One Roof Regulation


One Roof Regulation

Paralegal regulation and I grew up together in the policy world. The Ontario Access to Justice Act, 2006 was introduced on my very first day as a policy advisor in the Attorney General’s office. As I wilt with age, the debates around my policy-world twin continue with youthful endurance — sprouting perennially. Issues around paralegal regulation have popped energetically onto our radar in each of my ten years at the Ontario Bar Association. Observers remember only two occasions on which an AG appeared before Law Society convocation to ask for a particular policy decision, they were a decade apart and paralegal regulation was the issue both times.

I offer these observations about my long-time companion.

The Access to Justice Act and Access to Justice

The regulation of paralegals is often conflated with the creation of paralegals. As the years pass, people forget that the presence of paralegals was the constant, the variable was whether their services were offered inside or outside the regulated world of lawyers. As the Attorney General Bryant put it then:

The issue of paralegal regulation arises in this sense: There is no regulation of paralegals. Zip. None. A former treasurer of the Law Society... has lamented often that to sell a hot dog on the streets of Toronto, you need to get a licence. If on the other hand you want to hold out services to people, to represent them and give them legal advice in circumstances where they could be quite vulnerable, they need no such licence, no such training, no qualifications, nothing.

This will be equally important to remember as law societies make decisions around the regulation of AI. AI is the constant, regulation the variable.

In terms of adding consumer protection to existing services, paralegal regulation had instant successes — the backstops of a complaints process and mandatory insurance, for example. There are some excellent paralegals practising in Ontario, but conversations have continued around competency requirements to ensure up-front protection.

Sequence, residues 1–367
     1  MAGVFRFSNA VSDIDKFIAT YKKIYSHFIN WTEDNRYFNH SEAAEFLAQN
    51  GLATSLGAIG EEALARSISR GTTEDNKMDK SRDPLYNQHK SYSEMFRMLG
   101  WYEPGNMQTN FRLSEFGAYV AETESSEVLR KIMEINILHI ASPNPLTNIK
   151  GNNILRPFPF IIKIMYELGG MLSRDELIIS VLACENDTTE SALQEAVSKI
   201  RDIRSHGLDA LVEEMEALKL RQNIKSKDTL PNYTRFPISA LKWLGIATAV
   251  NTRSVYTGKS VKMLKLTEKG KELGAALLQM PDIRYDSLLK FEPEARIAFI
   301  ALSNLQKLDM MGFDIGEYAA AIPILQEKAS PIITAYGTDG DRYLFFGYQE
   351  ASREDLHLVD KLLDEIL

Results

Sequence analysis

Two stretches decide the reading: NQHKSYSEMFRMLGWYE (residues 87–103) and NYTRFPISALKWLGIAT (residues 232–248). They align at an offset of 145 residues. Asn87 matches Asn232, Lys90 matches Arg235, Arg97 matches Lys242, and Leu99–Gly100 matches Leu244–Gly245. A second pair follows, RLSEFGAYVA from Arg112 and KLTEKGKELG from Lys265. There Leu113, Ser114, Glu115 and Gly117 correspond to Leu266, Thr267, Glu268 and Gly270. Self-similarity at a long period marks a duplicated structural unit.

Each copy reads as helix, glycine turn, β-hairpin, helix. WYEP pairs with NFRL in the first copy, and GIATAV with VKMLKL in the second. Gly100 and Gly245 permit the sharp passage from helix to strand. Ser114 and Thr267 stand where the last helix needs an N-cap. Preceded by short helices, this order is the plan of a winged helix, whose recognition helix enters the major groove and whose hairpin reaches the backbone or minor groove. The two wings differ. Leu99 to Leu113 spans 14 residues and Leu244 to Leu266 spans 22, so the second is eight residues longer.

The question whose answer seems conspicuous by its absence is whether the Ontario Access to Justice Act has lived up to its lofty name — has paralegal regulation improved the affordability of legal services? Finding definitive data on that issue is like watching that iconic cartoon where the prankster has hidden an explosive to be triggered when Bugs Bunny plays the last note of a familiar piano ditty. Time after time, he fumbles through the song missing the last note, as the prankster looks on with growing frustration. One anticipates the affordability analysis with every page flip of every report on paralegal regulation, alas the last note goes unplayed. The justification for paralegal regulation does not depend on improved affordability. However, the affordability analysis is important when looking at expansion of paralegal scope of practice. Is eliminating the need for the education and experiential training of lawyers counterbalanced by improved affordability when paralegals are given new roles?

Self-Regulation and the Single Regulator

There was significant controversy around the single regulator model. This approach though has kept both professions safely in the world of self-regulation, for two reasons:

  1. Issues of scope of practice have been decided by the expert regulator with policy input from expert stakeholders. The politicization of these issues, while not absent, is a fraction of what we would see if government were the arbiter between two different regulators whose stakeholders disagreed on intersecting issues. Increased government involvement would threaten the self-regulation status of both professions; and
  2. Jurisdictions that have lost self-regulation remind us it is critical to distinguish between the role of the CBA and the role of law societies. The former advocates for lawyers, the latter does not and should not. There are many issues that have highlighted this distinction and the importance of the CBA’s advocacy role but none more clearly than issues where the regulator’s two professions disagree.

While the debates continue, they are increasingly healthy ones, in which all concerned understand it is not whether we improve access to justice, but how